Just pick based on where you'd like to live. Five/Six years is a pretty long time.
I was wondering what peoples' thoughts are between Michigan's and Brown's programs for someone interested in Development and Political Economy (applied micro), and maybe some of the firm side of IO/trade (contracting & market power) and possibly history?
It seems to me that placements are better generally from Michigan, but that there are concerns about the some senior faculty possibly leaving (don't know how much of that is rumor vs reality), the IO group has basically all left, and the political economy group is only in the poli sci department (does that matter? there are Econ Ph.D.s there)
On the other hand, Brown has a slightly worse track record historically, but does have some exciting new people in IO (Jesse Shapiro) and Dev (Dan Bjorkeregen), and a strong history in Dev and Political Economy (Dal Bo). Additionally, it is on the East Coast so likely more interaction with Harvard, MIT, Yale, Princeton, etc. It seems to me that they are prioritizing Econ going forward.
At both places, faculty and students seem accessible and excited, so fit/culture doesn't really seem to be an issue either place.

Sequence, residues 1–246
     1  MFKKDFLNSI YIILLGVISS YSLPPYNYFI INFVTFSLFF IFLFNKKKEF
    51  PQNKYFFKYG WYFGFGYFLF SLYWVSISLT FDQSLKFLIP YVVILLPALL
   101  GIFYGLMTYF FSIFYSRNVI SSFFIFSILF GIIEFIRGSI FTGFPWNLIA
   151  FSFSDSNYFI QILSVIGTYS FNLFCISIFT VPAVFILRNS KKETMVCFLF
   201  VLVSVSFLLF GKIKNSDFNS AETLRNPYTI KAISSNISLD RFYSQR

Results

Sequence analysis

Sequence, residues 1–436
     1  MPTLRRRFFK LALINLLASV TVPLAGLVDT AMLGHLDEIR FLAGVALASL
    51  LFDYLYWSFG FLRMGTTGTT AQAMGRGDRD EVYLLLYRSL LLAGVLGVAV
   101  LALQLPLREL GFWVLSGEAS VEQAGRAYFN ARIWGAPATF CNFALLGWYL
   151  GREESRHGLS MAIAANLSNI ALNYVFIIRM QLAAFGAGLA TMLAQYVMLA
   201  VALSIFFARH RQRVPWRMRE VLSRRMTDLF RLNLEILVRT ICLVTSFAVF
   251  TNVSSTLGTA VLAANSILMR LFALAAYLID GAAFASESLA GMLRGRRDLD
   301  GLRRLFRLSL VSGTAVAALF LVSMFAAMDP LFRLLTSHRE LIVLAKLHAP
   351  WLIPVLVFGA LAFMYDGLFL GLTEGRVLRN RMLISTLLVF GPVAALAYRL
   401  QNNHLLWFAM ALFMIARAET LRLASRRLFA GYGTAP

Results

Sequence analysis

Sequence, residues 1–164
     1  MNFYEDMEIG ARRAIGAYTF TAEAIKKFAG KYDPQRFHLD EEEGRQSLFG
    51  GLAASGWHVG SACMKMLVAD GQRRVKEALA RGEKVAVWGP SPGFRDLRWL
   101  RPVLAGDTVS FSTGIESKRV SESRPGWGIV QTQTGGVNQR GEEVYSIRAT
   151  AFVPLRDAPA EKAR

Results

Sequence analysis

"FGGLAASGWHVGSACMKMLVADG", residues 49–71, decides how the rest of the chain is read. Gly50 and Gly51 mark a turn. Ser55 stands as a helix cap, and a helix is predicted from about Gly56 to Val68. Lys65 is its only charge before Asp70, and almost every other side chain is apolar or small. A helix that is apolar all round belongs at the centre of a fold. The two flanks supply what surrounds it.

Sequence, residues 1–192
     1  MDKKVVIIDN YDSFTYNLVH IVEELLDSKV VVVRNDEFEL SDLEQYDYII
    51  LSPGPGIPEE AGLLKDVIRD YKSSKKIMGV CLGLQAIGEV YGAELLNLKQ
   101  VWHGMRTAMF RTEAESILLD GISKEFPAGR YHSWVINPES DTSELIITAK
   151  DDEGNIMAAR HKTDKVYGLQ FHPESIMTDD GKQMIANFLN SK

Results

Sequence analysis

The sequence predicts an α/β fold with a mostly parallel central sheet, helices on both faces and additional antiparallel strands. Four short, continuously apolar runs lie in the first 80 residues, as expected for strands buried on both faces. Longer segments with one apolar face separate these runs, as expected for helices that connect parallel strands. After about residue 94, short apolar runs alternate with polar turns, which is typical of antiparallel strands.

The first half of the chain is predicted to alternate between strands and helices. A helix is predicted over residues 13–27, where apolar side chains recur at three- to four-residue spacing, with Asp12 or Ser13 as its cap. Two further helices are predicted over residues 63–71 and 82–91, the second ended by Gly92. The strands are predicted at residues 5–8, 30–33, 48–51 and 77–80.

Is Michigan's IO department really in such tatters now? Depending on what happens with them getting back to me, I might have to decide between them and OSU (which would seem an obvious choice given their difference in rankings, except for the fact that OSU might actually have an IO department...)
Of the two big IO people, Ackerberg and Fan, Ackerberg is for sure leaving, but Fan may or may not leave. That said, they may hire new people lpus have one IO junior starting next year. Unclear what the future holds. Probably will make some new hires, but unclear at what level I think
Visited Brown last week, super friendly environment and beautiful campus. The city looks a bit boring, but has all the basics plus it is 1 hour away from Boston. Given your interests, it is really tough to find a better place than Brown out of top 10. I dont know much about Michigan, but I seriously doubt they can dominate the group at Brown. Regarding Ann Arbor, look closely at weather conditions, i think they are much worse there.
I was in a rush when I wrote my earlier post. Seriously though, you should make this choice on location. Your ability to predict your research interests in advance is not likely to be very good. In this case, even if those interests were absolutely certain, Michigan and Brown are both top 20 programs and both have pros and cons that are multi-dimensional and hard to rank. Given that, and given it'll likely take six years, I'd choose based on location alone.
WWCBD: What Would Colonel Blotto Do?
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